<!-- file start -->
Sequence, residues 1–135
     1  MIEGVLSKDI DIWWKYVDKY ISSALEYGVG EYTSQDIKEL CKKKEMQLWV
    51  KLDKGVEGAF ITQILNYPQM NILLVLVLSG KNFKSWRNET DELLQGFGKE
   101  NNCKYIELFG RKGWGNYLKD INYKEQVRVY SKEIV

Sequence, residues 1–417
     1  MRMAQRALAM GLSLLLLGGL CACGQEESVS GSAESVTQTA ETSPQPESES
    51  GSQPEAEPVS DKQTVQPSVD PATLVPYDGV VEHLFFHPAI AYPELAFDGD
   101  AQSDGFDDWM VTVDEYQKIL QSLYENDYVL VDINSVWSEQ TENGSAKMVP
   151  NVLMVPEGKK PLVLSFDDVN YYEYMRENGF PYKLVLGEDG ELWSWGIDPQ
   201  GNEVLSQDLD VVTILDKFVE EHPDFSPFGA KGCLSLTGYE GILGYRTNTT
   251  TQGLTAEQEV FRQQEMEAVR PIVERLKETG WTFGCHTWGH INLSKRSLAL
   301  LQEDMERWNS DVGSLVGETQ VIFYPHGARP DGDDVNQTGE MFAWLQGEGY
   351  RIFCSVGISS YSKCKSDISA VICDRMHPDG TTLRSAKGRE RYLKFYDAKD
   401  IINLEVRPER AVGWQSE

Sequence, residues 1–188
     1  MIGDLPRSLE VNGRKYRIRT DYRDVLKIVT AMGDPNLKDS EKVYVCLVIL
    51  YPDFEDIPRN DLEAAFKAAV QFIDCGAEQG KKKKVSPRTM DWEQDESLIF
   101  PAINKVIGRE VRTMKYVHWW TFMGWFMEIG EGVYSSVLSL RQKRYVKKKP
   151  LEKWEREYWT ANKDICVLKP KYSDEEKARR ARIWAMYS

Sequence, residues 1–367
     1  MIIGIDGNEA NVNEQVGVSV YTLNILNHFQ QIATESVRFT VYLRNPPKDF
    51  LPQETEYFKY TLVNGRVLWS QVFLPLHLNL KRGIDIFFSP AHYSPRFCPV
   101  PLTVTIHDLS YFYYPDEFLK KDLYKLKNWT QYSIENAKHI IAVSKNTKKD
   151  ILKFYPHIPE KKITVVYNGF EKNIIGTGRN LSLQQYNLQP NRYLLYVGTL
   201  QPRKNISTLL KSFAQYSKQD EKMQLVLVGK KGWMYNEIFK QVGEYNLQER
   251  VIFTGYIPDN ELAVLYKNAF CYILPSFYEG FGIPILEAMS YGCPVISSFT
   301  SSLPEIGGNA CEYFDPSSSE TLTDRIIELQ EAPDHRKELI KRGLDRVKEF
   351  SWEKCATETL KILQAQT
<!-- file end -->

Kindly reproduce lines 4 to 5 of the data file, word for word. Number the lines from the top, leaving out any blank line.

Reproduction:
   101  NNCKYIELFG RKGWGNYLKD INYKEQVRVY SKEIV

Sequence, residues 1–417